What Now???

Susan Donnelly on run at Ben Nevis peak cairn

That big race you focused on for soooo long is over - and you finished! 

But the congratulations have died down and things are kind of…quiet.

“Now what??” you wonder.

If you laser-focused on that race, you might be feeling a little lost. Maybe even down. And, if you admit it, kind of unmotivated the post-race blues have come to call. 

There’s suddenly all this empty space in your life.

Your body’s in peak shape but your mojo went AWOL and it stole your interest in running on the way out the door.

You run less, which gets you down, which erodes your remaining motivation, which makes you feel like running less, and so on, in a downward spiral.

The most common advice is to sign up for another race - quick! - and yes, your mind needs a new goal for direction, but I’m going to suggest something else first.

Take this quiet moment to plan ahead so you can stop reacting and end the downward spirals.

Decide what you want your 5-year, 10-year, or ultimate goal to be.

Then define the races and other steps it will take to get there. 

That’s what you need to sign up for.

How is this different?

We usually rush off willy-nilly to sign up for a new race, the faster the better, to avoid feeling those blues. We’ll take the first race that sounds interesting, that has a pretty website photo, or that a friend suggests without considering what we want to see when we look back on our time in the sport.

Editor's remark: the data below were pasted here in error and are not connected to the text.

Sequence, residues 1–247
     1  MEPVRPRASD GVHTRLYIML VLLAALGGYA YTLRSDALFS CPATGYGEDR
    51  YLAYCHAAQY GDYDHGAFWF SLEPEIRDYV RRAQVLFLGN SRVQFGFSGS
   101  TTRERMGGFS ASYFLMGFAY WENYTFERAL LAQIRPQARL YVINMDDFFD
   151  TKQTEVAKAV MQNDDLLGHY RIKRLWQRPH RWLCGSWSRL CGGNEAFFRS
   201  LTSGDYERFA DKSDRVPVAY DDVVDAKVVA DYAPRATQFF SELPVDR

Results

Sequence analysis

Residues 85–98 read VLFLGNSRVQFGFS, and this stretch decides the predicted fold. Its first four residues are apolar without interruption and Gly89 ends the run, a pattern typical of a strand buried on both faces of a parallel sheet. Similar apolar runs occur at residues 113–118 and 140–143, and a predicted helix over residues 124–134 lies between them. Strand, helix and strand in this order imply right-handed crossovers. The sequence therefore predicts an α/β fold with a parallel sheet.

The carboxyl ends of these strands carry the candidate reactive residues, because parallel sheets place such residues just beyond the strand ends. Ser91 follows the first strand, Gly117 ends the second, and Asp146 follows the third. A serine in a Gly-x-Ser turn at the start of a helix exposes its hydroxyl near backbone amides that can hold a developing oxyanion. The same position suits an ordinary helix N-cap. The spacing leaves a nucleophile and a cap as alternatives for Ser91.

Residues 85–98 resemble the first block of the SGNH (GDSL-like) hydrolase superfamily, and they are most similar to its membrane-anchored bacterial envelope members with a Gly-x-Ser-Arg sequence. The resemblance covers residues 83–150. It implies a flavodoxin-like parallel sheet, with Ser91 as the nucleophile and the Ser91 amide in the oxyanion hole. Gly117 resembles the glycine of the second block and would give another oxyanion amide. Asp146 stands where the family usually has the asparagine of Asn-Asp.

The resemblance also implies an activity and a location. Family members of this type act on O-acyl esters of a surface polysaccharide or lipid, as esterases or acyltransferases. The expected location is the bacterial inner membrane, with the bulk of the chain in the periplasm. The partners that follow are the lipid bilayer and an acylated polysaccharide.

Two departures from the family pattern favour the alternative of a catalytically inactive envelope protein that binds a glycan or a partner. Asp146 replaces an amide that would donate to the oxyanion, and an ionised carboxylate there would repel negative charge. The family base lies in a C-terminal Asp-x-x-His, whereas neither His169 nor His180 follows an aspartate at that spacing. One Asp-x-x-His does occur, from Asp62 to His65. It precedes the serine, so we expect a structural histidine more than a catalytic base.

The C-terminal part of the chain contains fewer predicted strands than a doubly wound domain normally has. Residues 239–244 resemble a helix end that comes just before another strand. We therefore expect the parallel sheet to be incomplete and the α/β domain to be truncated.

We don’t typically think about the big picture of our running lives far in advance. We sign up for miscellaneous races that we think will make us happy and once we finish, we're not necessarily happier, so we do it again hoping for different result.

Headed in no particular direction.

Instead, I want you to plan your direction.

It can be simple. 

It can be unrealistically pie-in-the-sky.

As long as it’s exciting and satisfying to you. Something you truly want.

Like “Run a 100-mile race on every continent,” “Run at least at least five races, including one new one every year,” “Use my running to help others,” or “Up the challenge every year in a scare-citing way.”

Then when it's quiet after a big race, you know exactly what to do - schedule and train for the next one that gets you closer to your ultimate goal.

Susan DonnellyGoals